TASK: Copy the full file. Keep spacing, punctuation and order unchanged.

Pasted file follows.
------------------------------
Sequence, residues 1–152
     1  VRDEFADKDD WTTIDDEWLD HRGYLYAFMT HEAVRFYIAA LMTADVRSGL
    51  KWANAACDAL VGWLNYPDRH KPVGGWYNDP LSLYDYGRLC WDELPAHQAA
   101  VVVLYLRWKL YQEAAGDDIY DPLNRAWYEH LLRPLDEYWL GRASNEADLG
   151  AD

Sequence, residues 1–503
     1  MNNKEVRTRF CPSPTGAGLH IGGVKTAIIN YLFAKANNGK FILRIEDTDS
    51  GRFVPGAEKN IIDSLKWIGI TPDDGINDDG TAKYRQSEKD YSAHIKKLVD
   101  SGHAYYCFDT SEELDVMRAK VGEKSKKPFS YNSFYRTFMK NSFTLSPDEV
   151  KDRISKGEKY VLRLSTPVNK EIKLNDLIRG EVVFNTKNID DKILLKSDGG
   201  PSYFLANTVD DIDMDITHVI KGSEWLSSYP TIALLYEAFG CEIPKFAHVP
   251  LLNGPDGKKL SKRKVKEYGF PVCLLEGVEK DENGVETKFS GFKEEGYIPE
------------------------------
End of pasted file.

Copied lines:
Sequence, residues 1–152
     1  VRDEFADKDD WTTIDDEWLD HRGYLYAFMT HEAVRFYIAA LMTADVRSGL
    51  KWANAACDAL VGWLNYPDRH KPVGGWYNDP LSLYDYGRLC WDELPAHQAA
   101  VVVLYLRWKL YQEAAGDDIY DPLNRAWYEH LLRPLDEYWL GRASNEADLG
   151  AD

Sequence, residues 1–503
     1  MNNKEVRTRF CPSPTGAGLH IGGVKTAIIN YLFAKANNGK FILRIEDTDS
    51  GRFVPGAEKN IIDSLKWIGI TPDDGINDDG TAKYRQSEKD YSAHIKKLVD
   101  SGHAYYCFDT SEELDVMRAK VGEKSKKPFS YNSFYRTFMK NSFTLSPDEV
   151  KDRISKGEKY VLRLSTPVNK EIKLNDLIRG EVVFNTKNID DKILLKSDGG
   201  PSYFLANTVD DIDMDITHVI KGSEWLSSYP TIALLYEAFG CEIPKFAHVP
   251  LLNGPDGKKL SKRKVKEYGF PVCLLEGVEK DENGVETKFS GFKEEGYIPE